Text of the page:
Barbara Evans has been named a Health Policy Scholar by the Center for Medical Ethics and Health Policy, Baylor College of Medicine. She co-authored a report of the Planning Board of FDA’s National Evaluation System for health Technologies (NEST), published by the Duke - Robert J. Margolis Center for Health Policy on September 20. As part of a workgroup formed at the June 2 White House Design Workshop on Engaging Participants as Partners in Research, she contributed to the "Navigating Privacy in Biomedical Research and Open Science" resource blog presented at Stanford's Medicine X conference on September 16. She has been heavily involved with teleconferences and report-drafting by the U.S. National Academies of Science, Engineering, and Medicine’s Committee on Future Biotechnology Products and Opportunities to Enhance Capabilities of the Biotechnology Regulatory System, on which she serves. As co-chair of the NCVHS Subcommittee on Privacy, Confidentiality, and Security, she co-authored a study of HIPAA’s “minimum necessary” standard for data disclosure which has been posted for public inspection ahead of the September 28 NCVHS meeting in Washington, which she will attend. She has been invited to address the University of Minnesota’s 2016 Deinard Memorial Event on law and medicine.

Jim Hawkins will present his paper “Exploiting Advertising” at Duke Law School on September 30 as part of the Consumer Credit in America symposium that he helped organize with the peer-reviewed journal Law & Contemporary Problems. His paper will be published in that journal in the coming year.  At the end of August, Professor Hawkins presented a paper at the Texas Legal Scholars Workshop.  He also recently submitted a draft of “Female Perspectives on Commercial and Consumer Law," an introduction to a symposium with the Columbia Journal of Gender and Law.

Christopher Heard and his students in the Entrepreneurship and Community Development Clinic (ECDC) gave presentations on business law topics to small business owners at a SURE™ Incubator event on September 10. SURE™ (Stimulating Urban Renewal through Entrepreneurship) is an education program offered by the C.T. Bauer College of Business that serves aspiring entrepreneurs from underserved communities and Veterans in the Houston area. In addition to giving presentations, ECDC students also conducted initial intake interviews with entrepreneurs in attendance who were interested in becoming ECDC clients.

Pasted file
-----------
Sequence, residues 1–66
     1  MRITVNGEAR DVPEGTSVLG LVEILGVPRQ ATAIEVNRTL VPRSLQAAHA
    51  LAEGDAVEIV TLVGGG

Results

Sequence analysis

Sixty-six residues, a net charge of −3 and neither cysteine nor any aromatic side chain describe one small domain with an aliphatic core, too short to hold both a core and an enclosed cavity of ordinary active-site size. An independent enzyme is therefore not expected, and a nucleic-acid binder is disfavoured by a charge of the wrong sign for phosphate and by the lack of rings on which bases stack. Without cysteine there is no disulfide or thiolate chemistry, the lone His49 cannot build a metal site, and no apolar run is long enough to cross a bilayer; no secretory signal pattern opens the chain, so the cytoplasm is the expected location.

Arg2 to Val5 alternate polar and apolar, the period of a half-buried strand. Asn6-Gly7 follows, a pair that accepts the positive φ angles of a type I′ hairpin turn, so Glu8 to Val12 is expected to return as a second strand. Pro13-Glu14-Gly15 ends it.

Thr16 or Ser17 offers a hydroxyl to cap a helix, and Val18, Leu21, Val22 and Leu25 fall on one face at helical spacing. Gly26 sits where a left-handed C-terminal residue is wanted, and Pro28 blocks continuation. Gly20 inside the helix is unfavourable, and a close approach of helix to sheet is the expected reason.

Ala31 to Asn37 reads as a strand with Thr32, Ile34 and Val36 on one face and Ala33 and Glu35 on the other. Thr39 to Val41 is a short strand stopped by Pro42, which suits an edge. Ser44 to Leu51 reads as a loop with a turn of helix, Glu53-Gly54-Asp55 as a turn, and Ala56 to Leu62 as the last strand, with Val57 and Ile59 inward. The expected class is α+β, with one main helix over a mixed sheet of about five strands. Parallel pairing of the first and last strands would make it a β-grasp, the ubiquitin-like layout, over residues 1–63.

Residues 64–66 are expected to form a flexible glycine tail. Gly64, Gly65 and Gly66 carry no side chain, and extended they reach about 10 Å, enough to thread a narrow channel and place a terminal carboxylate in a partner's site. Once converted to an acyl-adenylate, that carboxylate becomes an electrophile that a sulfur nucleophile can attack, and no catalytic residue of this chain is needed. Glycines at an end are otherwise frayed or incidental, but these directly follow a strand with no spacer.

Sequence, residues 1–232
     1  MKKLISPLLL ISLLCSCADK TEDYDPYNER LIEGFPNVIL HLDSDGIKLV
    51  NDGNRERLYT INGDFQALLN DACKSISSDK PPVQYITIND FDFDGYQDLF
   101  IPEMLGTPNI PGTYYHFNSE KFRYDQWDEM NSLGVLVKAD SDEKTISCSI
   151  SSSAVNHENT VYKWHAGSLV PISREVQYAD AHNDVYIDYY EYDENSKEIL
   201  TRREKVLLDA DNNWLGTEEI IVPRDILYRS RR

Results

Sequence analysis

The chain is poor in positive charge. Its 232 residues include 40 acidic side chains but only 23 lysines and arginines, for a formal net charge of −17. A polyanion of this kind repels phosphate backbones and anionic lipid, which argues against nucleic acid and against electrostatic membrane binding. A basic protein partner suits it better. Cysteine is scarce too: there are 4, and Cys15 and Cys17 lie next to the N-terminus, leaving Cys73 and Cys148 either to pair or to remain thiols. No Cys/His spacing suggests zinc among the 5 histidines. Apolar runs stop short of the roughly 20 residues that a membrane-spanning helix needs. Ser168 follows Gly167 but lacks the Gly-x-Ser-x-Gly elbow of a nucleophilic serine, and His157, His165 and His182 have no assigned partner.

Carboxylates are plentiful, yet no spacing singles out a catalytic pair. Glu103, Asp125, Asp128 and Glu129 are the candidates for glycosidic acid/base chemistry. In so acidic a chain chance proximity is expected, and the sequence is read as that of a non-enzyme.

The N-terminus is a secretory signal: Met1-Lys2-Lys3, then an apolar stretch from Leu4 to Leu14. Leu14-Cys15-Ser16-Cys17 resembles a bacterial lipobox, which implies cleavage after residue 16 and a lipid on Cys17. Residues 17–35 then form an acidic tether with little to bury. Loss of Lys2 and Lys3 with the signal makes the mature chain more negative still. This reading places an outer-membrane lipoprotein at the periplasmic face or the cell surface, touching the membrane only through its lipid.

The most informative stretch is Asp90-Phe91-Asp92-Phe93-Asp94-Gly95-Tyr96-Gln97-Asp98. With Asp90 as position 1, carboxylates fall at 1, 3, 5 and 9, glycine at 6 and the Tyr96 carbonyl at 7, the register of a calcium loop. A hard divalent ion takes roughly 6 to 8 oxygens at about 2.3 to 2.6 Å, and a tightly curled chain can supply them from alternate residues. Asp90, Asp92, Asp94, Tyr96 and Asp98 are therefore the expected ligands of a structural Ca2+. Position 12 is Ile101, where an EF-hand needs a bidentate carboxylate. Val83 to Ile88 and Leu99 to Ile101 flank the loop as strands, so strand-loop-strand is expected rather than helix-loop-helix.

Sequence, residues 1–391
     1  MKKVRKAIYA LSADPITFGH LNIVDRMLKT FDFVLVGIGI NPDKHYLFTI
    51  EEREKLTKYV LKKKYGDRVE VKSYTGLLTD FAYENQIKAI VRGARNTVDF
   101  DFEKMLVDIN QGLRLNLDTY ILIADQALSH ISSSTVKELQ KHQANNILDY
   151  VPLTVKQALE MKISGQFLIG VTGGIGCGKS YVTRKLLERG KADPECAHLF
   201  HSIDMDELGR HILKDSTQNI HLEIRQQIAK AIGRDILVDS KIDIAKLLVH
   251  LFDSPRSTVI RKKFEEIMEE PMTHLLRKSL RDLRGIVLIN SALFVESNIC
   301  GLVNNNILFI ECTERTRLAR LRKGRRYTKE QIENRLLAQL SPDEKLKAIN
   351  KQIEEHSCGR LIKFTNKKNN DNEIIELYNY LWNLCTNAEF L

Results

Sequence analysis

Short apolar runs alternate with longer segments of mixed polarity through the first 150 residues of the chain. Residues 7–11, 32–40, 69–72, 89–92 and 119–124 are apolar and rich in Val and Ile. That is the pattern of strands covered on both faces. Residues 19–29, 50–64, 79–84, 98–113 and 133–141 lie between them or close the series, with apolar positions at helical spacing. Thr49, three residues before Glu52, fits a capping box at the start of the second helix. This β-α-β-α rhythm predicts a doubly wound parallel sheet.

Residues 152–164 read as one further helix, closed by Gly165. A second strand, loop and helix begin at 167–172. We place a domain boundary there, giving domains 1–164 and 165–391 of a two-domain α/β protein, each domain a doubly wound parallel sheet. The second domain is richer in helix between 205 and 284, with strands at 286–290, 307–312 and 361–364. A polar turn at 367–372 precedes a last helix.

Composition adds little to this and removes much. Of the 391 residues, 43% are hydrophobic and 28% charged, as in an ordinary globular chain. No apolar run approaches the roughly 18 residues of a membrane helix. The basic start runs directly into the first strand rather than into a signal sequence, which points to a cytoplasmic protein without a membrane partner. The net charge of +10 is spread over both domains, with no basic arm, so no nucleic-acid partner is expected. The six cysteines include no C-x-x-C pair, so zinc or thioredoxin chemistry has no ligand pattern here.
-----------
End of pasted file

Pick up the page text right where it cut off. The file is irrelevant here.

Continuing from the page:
Tracy Hester submitted his draft chapter on The Law of Direct Air Capture of Greenhouse Gases for inclusion in the Deep Decarbonization Pathways Project, which will submit a report from a coalition of 32 environmental law professors to the White House in January 2017 on legal strategies to decarbonize the U.S. economy. He represented the EENR Center and the Center for U.S. and Mexican Law at the joint meeting of the Texas OneGulf Consortium Leadership committee and the Texas OneGulf Scientific Advisory Council in Austin on August 18. On September 8, Hester met with EPA Administrator Gina McCarthy and reported to the NAFTA Commission on Environmental Cooperation on behalf of EPA’s National Advisory Committee at the Commission’s annual meeting in Merida, Mexico on September 8. He participated in a workshop on September 14 on drafting model statutes and regulations to govern climate engineering with Arizona State University and American University School of Law, and he spoke on the interaction between NAFTA and the TransPacific Partnership on environmental issues at the University of Houston Law Center's Third Annual Conference on Oil and Gas Investment Arbitration on September 16.

Geoffrey Hoffman published two blogs on the ImmProf's blog: Is Trump’s Border Wall a Violation of Law?  and The Missing Piece of the Puzzle that is Donald Trump's “Deportation Force”. Professor Hoffman also gave a presentation on appellate immigration practice at the CLE sponsored by the Children's Immigration Law Academy. The CLE was entitled, “Special Issues in Representing Unaccompanied Children."

This summer Lonny Hoffman completed the following articles:  Plausible Theory, Implausible Conclusions: A Response to Professor Hubbard, __ University of Chicago Law Review Online __ (forthcoming 2016); The Limits of Comprehensive Peace: The Example of the FLSA (with C. Ward) (forthcoming 2016), full text available here; and Neutralizing the Stratagem of “Snap Removal”: A Proposed Amendment to the Judicial Code (with A. Hellman, T. Rowe, J. Steinman and G. Vairo), 9 Federal Courts Law Review 103 (2016), full text available here. He has just begun work on a new project relating to potential changes to the state discovery rules.